Articles by Sigrún Davídsdóttir

About the Author

Sigrún Davídsdóttir
Sigrún Davídsdóttir is an Icelandic journalist based in London. Her interests are European and international politics and economy, the eurocrisis, banking, tax havens and corruption (often through the prism of the Icelandic financial collapse in 2008) - as well as arts, culture and food.

Icelandic krone

What Icelandic business practices can (possibly) tell us about China

LONDON | July 13, 2015 | By Sigrún Davídsdóttir | Many controlling shareholders in China have pledged shares as collateral for bank loans – this was a common practice in Iceland up to the October 2008 banking collapse. Now this practice seems to be causing share trading suspensions in China.

A EU flag

Capital controls: Greece and Iceland

LONDON | June 30, 2015 | By Sigrún Davídsdóttir | Now that Greece has controls on outflow from banks, capital controls, many commentators are comparing Greece to Iceland. There is little comparison to be made between the nature of capital controls in these two countries. The controls are different in every respect except in the name. Iceland had, what I would call, real capital controls – Greece has control on outflow from banks. With the names changed, the difference is clear.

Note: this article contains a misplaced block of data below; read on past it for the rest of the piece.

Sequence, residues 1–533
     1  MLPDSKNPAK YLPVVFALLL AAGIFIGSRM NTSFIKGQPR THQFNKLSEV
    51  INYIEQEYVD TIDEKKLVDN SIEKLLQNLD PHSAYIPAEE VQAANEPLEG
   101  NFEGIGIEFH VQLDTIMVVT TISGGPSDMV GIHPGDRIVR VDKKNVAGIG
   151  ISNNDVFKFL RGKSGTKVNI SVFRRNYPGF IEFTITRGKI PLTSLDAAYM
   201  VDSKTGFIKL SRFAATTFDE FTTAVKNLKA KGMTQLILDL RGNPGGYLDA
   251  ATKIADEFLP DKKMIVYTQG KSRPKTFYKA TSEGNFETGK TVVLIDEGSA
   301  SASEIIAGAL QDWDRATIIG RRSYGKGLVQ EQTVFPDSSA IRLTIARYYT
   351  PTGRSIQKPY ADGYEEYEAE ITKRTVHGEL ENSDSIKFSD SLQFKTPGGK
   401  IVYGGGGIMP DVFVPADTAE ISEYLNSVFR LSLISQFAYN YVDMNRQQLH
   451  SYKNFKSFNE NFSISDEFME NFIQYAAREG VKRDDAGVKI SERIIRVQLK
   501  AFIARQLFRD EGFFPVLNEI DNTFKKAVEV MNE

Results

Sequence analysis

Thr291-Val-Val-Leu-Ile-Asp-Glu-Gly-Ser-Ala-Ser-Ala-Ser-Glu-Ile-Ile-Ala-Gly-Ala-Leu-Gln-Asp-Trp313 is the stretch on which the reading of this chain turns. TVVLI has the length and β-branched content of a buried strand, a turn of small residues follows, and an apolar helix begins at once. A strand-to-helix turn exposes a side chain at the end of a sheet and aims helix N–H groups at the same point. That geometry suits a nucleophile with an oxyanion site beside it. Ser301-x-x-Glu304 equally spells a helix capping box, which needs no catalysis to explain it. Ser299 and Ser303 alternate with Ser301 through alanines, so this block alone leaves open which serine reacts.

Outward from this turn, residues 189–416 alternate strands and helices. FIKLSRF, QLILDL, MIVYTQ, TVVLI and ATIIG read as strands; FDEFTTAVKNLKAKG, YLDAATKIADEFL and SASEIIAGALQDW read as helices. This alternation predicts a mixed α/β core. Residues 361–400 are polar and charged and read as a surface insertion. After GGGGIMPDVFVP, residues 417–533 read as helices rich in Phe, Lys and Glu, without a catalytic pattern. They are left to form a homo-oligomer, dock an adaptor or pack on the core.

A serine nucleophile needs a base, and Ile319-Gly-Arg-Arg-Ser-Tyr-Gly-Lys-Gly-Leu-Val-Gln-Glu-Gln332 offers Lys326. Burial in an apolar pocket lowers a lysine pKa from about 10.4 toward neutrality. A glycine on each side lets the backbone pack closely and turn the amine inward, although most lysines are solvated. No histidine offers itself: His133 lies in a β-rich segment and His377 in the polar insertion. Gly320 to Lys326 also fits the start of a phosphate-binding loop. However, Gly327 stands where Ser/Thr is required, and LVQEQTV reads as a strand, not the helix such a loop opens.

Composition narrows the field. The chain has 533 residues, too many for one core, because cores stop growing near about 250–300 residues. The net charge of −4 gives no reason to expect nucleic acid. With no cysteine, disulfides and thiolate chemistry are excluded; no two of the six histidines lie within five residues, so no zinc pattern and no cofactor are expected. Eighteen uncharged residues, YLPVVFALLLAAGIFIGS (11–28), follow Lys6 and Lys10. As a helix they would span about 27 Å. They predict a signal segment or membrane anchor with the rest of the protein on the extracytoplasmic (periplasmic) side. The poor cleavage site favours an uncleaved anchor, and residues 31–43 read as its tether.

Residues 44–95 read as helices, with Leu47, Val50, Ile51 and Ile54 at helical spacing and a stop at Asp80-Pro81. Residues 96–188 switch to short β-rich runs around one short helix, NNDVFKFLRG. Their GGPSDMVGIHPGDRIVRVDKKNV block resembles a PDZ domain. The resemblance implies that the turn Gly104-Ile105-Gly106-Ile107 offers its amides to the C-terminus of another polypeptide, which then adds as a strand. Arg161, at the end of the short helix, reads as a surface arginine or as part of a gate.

Cyprus and Iceland: a tale of two capital controls

LONDON | March 6, 2015 | By Sigrún DavídsdóttirBoth in Cyprus and Iceland foreign funds flowed into the islands, in the end forcing the government to make use of extreme measures when the tide turned. These measures are normally called ‘capital controls’ which in these two cases hides the fact that the measures used are fundamentally different in all but name. In Iceland, the controls contain the effect of lacking foreign currency, effectively a balance of payment problem – in Cyprus, the controls were a way of defending banks against bank run, i.e. preventing depositors to move funds freely.